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Krom v. Braum's, Inc.

United States District Court, D. Kansas

April 10, 2014

COLLEEN M. KROM, Plaintiff,
v.
BRAUM'S, INC., Defendant.

MEMORANDUM AND ORDER

ERIC F. MELGREN, District Judge.

Plaintiff Colleen Krom filed this suit against Defendant Braum's, Inc., alleging that she slipped and fell at Defendant's restaurant in Great Bend, Kansas, as a result of Defendant's negligence. Before the Court is Defendant's Motion for Summary Judgment (Doc. 41). Defendant argues that it is not liable for Plaintiff's injuries because the "slight defect rule" under Kansas law bars Plaintiff's claim. The Court agrees with Defendant, and for the following reasons, the Court grants Defendant's motion.

I. Factual and Procedural Background[1]

On October 20, 2010, Plaintiff entered the parking lot of Defendant's restaurant in Great Bend, Kansas. Plaintiff exited her vehicle, intending to enter the restaurant as a customer and purchase food. To enter the restaurant, Plaintiff walked on a walkway consisting of a concrete path that connected with brick tiles or pavers. As Plaintiff was walking along that walkway, she tripped and fell, resulting in a fractured hip that required surgery to repair. At the time of Plaintiff's fall, the walkway was clean and dry, and there was no dirt, grease, or other substance covering it.

Plaintiff alleges that she fell because of a lip between the concrete and brick pavers on the walkway in front of Defendant's restaurant. Plaintiff estimates that the lip between the cement and brick pavers is one-half inch in height. At her deposition, Plaintiff testified that she saw the brick pavers when she got out of her car and stepped onto the cement. She also testified that there was nothing obstructing her view that day from the time she stepped onto the cement portion of the walkway until the time she fell.

Plaintiff filed this suit on August 2, 2012, alleging that Defendant is negligent for failing to maintain a safe entrance walking area, failing to repair an uneven, eroding walkway, and failing to warn Plaintiff of the dangerous condition. Defendant now moves for summary judgment on Plaintiff's claim.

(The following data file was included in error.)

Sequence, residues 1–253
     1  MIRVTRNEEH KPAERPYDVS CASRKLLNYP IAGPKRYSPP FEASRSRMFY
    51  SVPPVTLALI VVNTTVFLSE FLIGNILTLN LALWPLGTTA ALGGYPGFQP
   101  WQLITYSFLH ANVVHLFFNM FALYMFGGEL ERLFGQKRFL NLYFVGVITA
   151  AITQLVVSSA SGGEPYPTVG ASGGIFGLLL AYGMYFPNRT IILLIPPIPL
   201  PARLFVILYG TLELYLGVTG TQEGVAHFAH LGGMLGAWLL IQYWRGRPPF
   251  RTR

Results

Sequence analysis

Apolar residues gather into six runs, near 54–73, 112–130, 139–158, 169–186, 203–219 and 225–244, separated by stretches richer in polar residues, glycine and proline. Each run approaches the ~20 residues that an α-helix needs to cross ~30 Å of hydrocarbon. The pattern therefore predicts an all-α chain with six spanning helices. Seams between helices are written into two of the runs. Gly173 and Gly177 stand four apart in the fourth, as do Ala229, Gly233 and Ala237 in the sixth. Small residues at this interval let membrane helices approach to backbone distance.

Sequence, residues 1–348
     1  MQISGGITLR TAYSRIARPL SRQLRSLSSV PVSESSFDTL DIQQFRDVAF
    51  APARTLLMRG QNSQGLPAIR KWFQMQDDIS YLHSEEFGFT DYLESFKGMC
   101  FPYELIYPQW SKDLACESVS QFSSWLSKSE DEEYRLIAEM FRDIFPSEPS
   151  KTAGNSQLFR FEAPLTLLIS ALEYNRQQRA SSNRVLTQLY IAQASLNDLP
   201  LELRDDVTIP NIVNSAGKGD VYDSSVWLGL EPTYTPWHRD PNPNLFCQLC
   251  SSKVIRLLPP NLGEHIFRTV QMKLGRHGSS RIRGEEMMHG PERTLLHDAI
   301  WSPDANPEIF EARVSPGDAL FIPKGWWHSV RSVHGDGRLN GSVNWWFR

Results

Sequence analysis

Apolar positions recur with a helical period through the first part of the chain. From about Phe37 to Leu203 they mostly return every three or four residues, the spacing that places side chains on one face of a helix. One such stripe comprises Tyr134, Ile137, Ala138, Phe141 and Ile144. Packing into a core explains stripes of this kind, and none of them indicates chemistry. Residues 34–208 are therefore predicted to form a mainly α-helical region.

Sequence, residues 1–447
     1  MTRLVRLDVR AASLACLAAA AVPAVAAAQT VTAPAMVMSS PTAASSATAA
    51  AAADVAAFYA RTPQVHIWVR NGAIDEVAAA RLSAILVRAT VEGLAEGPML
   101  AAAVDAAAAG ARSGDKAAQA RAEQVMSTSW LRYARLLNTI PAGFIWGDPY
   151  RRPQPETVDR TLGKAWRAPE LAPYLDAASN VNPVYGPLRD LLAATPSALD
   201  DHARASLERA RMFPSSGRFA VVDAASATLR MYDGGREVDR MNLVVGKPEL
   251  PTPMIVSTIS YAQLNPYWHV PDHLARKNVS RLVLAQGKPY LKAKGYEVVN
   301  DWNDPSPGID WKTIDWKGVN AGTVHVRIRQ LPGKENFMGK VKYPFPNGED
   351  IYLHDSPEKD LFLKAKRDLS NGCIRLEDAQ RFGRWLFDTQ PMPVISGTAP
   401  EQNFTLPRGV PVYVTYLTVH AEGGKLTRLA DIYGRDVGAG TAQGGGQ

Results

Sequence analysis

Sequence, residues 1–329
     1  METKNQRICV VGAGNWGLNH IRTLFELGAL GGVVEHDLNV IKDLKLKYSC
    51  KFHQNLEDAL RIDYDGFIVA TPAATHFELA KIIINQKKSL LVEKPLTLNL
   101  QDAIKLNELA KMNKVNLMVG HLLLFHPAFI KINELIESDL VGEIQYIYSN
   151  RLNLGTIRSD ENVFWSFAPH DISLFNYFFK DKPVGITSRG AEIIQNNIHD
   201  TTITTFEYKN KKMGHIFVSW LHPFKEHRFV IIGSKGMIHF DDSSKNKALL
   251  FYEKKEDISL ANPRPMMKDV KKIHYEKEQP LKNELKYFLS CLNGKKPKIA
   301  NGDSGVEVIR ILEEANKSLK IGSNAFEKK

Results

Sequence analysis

II. Legal Standard

Summary judgment is appropriate if the moving party demonstrates that there is no genuine issue as to any material fact, and the movant is entitled to judgment as a matter of law.[2] A fact is "material" when it is essential to the claim, and issues of fact are "genuine" if the proffered evidence permits a reasonable jury to decide the issue in either party's favor.[3] The movant bears the initial burden of proof, and must show the lack of evidence on an essential element of the claim.[4] If the movant carries this initial burden, the nonmovant that bears the burden of persuasion at trial may not simply rest on its pleading but must instead "set forth specific facts" that would be admissible in evidence in the event of trial from which a rational trier of fact could find for the nonmovant.[5] These facts must be clearly identified through affidavits, deposition transcripts, or incorporated exhibits-conclusory allegations alone cannot survive a motion for summary judgment.[6] The Court views all evidence and reasonable inferences in the light most favorable to the party opposing summary judgment.[7]

III. Analysis